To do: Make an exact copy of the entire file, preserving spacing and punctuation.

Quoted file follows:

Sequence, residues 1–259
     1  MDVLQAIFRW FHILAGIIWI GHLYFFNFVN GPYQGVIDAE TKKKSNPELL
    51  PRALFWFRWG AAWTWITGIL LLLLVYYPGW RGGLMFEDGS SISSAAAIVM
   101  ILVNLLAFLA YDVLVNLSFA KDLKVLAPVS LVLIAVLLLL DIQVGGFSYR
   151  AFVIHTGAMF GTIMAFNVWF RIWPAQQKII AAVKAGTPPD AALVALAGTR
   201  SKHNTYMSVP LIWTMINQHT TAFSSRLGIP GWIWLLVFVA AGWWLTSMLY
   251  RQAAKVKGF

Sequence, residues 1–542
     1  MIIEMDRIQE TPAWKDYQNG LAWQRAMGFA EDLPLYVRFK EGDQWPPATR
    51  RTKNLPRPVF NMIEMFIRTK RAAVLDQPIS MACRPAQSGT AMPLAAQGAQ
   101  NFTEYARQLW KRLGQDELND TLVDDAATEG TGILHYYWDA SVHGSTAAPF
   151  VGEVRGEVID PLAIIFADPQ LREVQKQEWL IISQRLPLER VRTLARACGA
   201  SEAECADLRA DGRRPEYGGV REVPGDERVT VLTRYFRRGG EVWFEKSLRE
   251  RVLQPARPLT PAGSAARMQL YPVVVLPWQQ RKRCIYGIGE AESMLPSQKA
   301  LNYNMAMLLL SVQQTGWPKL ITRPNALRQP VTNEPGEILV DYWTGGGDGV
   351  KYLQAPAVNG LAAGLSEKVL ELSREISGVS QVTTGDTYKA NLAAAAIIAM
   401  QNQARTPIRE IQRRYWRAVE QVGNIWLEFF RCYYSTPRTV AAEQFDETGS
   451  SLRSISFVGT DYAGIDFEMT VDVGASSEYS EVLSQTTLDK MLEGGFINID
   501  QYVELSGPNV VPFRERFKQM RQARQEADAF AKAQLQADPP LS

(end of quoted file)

Sequence, residues 1–259
     1  MDVLQAIFRW FHILAGIIWI GHLYFFNFVN GPYQGVIDAE TKKKSNPELL
    51  PRALFWFRWG AAWTWITGIL LLLLVYYPGW RGGLMFEDGS SISSAAAIVM
   101  ILVNLLAFLA YDVLVNLSFA KDLKVLAPVS LVLIAVLLLL DIQVGGFSYR
   151  AFVIHTGAMF GTIMAFNVWF RIWPAQQKII AAVKAGTPPD AALVALAGTR
   201  SKHNTYMSVP LIWTMINQHT TAFSSRLGIP GWIWLLVFVA AGWWLTSMLY
   251  RQAAKVKGF

Sequence, residues 1–542
     1  MIIEMDRIQE TPAWKDYQNG LAWQRAMGFA EDLPLYVRFK EGDQWPPATR
    51  RTKNLPRPVF NMIEMFIRTK RAAVLDQPIS MACRPAQSGT AMPLAAQGAQ
   101  NFTEYARQLW KRLGQDELND TLVDDAATEG TGILHYYWDA SVHGSTAAPF
   151  VGEVRGEVID PLAIIFADPQ LREVQKQEWL IISQRLPLER VRTLARACGA
   201  SEAECADLRA DGRRPEYGGV REVPGDERVT VLTRYFRRGG EVWFEKSLRE
   251  RVLQPARPLT PAGSAARMQL YPVVVLPWQQ RKRCIYGIGE AESMLPSQKA
   301  LNYNMAMLLL SVQQTGWPKL ITRPNALRQP VTNEPGEILV DYWTGGGDGV
   351  KYLQAPAVNG LAAGLSEKVL ELSREISGVS QVTTGDTYKA NLAAAAIIAM
   401  QNQARTPIRE IQRRYWRAVE QVGNIWLEFF RCYYSTPRTV AAEQFDETGS
   451  SLRSISFVGT DYAGIDFEMT VDVGASSEYS EVLSQTTLDK MLEGGFINID
   501  QYVELSGPNV VPFRERFKQM RQARQEADAF AKAQLQADPP LS